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What are we doing? What are we building?
On Social Media and Time
I’ve been thinking about social media lately. This round of contemplation has been driven by the slow destruction of Twitter where I have my largest (though still not very large) following. Every day accounts I enjoyed interacting with leave, the site works a little less, and we’re told that we can pay $8 a month to maximize our reach on a crumbling platform.
I don’t use Facebook, but for seeing updates from two couples who are dear friends who don’t use other social media sites. I can see photos of their kids and pets and I like that.
I enjoy Instagram. I understand the issues, but I’ve got a pretty well curated feed of writers I enjoy, friends, some cute dogs, and a couple of photographers whose work I like.
I’ve tried Spoutible (where I still have an unused account), Post.News (ditto), Mastodon (deleted that one), Cohost (also deleted), TikTok (could never get the hang of it), Tumblr (where I have an account I don’t use), and haven’t really enjoyed any of them. I’m enjoying Substack, enjoying writing things that actually mean something to me instead of reacting to the main character of the day.
There are parts of twitter I’ve loved. At its best there were vibrant little creative communities that I adore. I recently learned that the descendants of the Borgia family emigrated to Ireland, where they have a large share of the Dublin fried chicken market. Their chain- Borza- is apparently widespread there, and they still speak Italian in the kitchen. I loved learning that.
I’ve had professional success because of twitter too. It has actually put money in my pocket and eyes on my work.
Finally, and perhaps most importantly, I’ve met some wonderful people because of twitter, people who are important to me. Would I have met them otherwise? Probably not. Those relationships have changed my life and continue to.
However, every day it feels less fun and more feral. We’re all trying to squeeze the last remaining drops of value out of something that we realize is not what it used to be, if it ever was actually as important as we made it seem.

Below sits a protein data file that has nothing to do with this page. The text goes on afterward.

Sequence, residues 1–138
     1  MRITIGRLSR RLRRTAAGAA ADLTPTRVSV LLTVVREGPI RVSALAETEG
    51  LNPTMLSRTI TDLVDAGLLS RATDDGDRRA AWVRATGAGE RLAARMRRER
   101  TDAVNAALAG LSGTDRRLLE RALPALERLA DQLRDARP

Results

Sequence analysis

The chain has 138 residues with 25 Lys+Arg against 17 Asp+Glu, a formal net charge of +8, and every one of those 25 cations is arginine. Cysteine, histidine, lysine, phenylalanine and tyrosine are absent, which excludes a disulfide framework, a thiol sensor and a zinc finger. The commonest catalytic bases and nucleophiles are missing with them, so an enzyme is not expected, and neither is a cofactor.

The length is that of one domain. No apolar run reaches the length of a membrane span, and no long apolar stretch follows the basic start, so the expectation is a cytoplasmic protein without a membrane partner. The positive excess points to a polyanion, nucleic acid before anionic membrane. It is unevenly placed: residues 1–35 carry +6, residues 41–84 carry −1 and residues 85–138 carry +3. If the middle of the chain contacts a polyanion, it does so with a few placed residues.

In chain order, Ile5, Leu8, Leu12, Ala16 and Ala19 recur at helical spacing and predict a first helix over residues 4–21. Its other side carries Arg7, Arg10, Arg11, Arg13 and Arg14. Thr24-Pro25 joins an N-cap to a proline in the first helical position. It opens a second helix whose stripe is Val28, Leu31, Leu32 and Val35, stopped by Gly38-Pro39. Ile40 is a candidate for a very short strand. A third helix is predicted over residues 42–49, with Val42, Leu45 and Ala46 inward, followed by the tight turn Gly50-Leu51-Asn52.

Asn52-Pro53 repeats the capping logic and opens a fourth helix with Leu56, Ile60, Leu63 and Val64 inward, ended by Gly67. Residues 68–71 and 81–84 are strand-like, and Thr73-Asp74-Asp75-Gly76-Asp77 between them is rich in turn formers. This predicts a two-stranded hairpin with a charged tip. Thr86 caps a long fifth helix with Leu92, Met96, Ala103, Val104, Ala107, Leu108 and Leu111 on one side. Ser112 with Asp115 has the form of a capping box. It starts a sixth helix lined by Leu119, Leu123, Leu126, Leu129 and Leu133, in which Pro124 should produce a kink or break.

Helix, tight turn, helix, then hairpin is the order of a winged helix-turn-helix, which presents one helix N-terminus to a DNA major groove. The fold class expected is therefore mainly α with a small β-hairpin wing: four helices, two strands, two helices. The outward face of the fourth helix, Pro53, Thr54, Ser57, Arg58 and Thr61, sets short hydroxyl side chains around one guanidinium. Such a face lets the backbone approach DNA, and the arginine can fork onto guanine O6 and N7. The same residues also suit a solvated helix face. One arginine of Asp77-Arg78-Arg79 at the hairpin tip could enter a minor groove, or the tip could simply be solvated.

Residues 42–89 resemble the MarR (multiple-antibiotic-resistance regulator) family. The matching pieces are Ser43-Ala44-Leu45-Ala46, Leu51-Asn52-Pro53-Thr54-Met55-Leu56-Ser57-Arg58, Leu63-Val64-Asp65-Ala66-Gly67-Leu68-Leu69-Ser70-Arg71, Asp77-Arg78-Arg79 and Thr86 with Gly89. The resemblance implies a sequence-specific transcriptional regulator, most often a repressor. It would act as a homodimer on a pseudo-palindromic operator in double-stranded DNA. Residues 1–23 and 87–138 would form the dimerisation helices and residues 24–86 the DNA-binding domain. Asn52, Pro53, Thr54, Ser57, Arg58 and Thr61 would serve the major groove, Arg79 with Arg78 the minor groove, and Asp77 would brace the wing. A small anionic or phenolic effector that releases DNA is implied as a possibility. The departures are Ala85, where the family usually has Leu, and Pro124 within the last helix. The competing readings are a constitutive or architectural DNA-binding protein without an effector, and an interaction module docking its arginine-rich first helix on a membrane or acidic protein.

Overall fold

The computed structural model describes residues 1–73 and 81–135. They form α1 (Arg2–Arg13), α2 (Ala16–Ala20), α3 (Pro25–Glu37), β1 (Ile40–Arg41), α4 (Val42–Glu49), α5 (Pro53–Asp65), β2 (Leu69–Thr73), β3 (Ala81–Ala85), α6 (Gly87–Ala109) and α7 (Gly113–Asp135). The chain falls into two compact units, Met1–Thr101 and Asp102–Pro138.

I log on and see someone who I’ve never heard of has spouted a shitty opinion about something to their two dozen followers, and that tweet somehow escaped containment and now everyone wants to tell them how crappy they are. I don’t know this person. I probably don’t want to know them. My life is in no way enriched by learning that they hold bad opinions. I watch people I like pile on them, letting them know how bad their opinion is and letting everyone else know in contrast how their opinions are better. I get it. It feels good, being part of the righteous mob. I’ve done it before.
Sometimes I recognize the person on the other end, they’re famous and well known and are now being told by everyone that they are bad. Maybe they deserve it and maybe they don’t. I watched that this weekend, about an out-of-context quote from a paywalled interview that 99.9% of the people reacting to hadn’t even read beyond the headline.
Sometimes I know the person on the other end because they want me to know them. You know these people, who have weaponized outrage about the things they say. They know that by saying something inflammatory people who agree with them will respond to it and share it, but people who disagree with them will share it even more, putting it on their platforms while they tell everyone how bad and dumb this person is, and ensuring everyone knows who they are in the process. It’s an actual career path nowadays. I could recite a list of names of people like this, people who I do not find interesting or intellectually stimulating in any way, people whose names I wish I did not know and who have not improved my life in any way by my knowing who they are.
Time is a zero sum game. Every minute I spend tweeting is a minute I don’t spend with people I love. If it actually provides work, if it pushes forward my career in a tangible way, then that tradeoff might be one I make, in the same way that writing and working are tradeoffs I make every day. More and more, however, Twitter feels like time poured out on the ground, absolutely wasted. It’s time spent that I don’t spend with a friend I haven’t seen in too long, or with the woman whose eyes sparkle when she looks at me, or with her daughter who asks me to take her to the playground, or with my old dog who loves being fussed over. It’s time watching people argue about how awful someone else is, or talking about writing in the most general way, or selling things. I don’t begrudge any of that, I’ve done it all at one point or another, but lately it feels like the juice isn’t worth the squeeze.
I once saw someone (I believe Stephen Graham Jones but I sadly cannot find the tweet, either because it was deleted or because getting the twitter search function to work is like a game of chance nowadays) say that he didn’t think people who build houses get together after work to talk about how many nails they hammered that day, and that he was always thinking about what he was- and what he was not- building. That one stuck with me, even though I probably read it a few years ago.
So, I’m thinking about what it is I am- and am not- building. I’m going to be allocating my time with that in mind.